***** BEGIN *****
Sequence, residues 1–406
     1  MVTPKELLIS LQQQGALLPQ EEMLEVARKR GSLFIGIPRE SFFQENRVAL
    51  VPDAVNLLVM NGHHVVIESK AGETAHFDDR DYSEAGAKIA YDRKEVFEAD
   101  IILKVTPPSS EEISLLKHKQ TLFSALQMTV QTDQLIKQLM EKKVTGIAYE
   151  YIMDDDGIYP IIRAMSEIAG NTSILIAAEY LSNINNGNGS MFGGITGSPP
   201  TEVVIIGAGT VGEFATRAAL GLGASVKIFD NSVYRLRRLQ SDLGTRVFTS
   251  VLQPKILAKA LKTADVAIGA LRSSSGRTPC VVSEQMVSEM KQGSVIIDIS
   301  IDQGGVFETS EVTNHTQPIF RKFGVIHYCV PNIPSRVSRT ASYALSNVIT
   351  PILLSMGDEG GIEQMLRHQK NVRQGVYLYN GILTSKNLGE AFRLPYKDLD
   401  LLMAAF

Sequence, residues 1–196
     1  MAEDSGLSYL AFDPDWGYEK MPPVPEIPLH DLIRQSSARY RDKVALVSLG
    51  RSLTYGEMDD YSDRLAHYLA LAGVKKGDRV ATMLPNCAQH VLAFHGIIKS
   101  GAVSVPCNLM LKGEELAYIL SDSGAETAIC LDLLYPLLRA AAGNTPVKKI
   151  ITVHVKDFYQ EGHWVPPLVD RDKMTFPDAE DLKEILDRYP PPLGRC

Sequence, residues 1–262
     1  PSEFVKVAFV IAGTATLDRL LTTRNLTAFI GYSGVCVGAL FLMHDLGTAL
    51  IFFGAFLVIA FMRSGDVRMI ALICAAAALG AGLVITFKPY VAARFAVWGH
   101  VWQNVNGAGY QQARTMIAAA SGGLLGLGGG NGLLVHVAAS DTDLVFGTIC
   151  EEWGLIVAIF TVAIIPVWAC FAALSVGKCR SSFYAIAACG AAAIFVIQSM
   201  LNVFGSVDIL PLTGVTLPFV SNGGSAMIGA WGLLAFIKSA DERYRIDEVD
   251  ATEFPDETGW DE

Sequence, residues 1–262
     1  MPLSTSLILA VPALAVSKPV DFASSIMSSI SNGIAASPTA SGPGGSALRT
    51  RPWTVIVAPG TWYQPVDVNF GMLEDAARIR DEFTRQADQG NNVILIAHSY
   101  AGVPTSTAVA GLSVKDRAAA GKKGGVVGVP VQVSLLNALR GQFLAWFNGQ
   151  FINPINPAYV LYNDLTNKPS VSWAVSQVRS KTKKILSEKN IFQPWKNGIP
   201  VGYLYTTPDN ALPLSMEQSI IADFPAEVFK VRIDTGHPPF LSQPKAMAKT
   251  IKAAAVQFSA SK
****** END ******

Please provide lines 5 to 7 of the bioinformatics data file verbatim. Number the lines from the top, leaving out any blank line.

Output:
   151  YIMDDDGIYP IIRAMSEIAG NTSILIAAEY LSNINNGNGS MFGGITGSPP
   201  TEVVIIGAGT VGEFATRAAL GLGASVKIFD NSVYRLRRLQ SDLGTRVFTS
   251  VLQPKILAKA LKTADVAIGA LRSSSGRTPC VVSEQMVSEM KQGSVIIDIS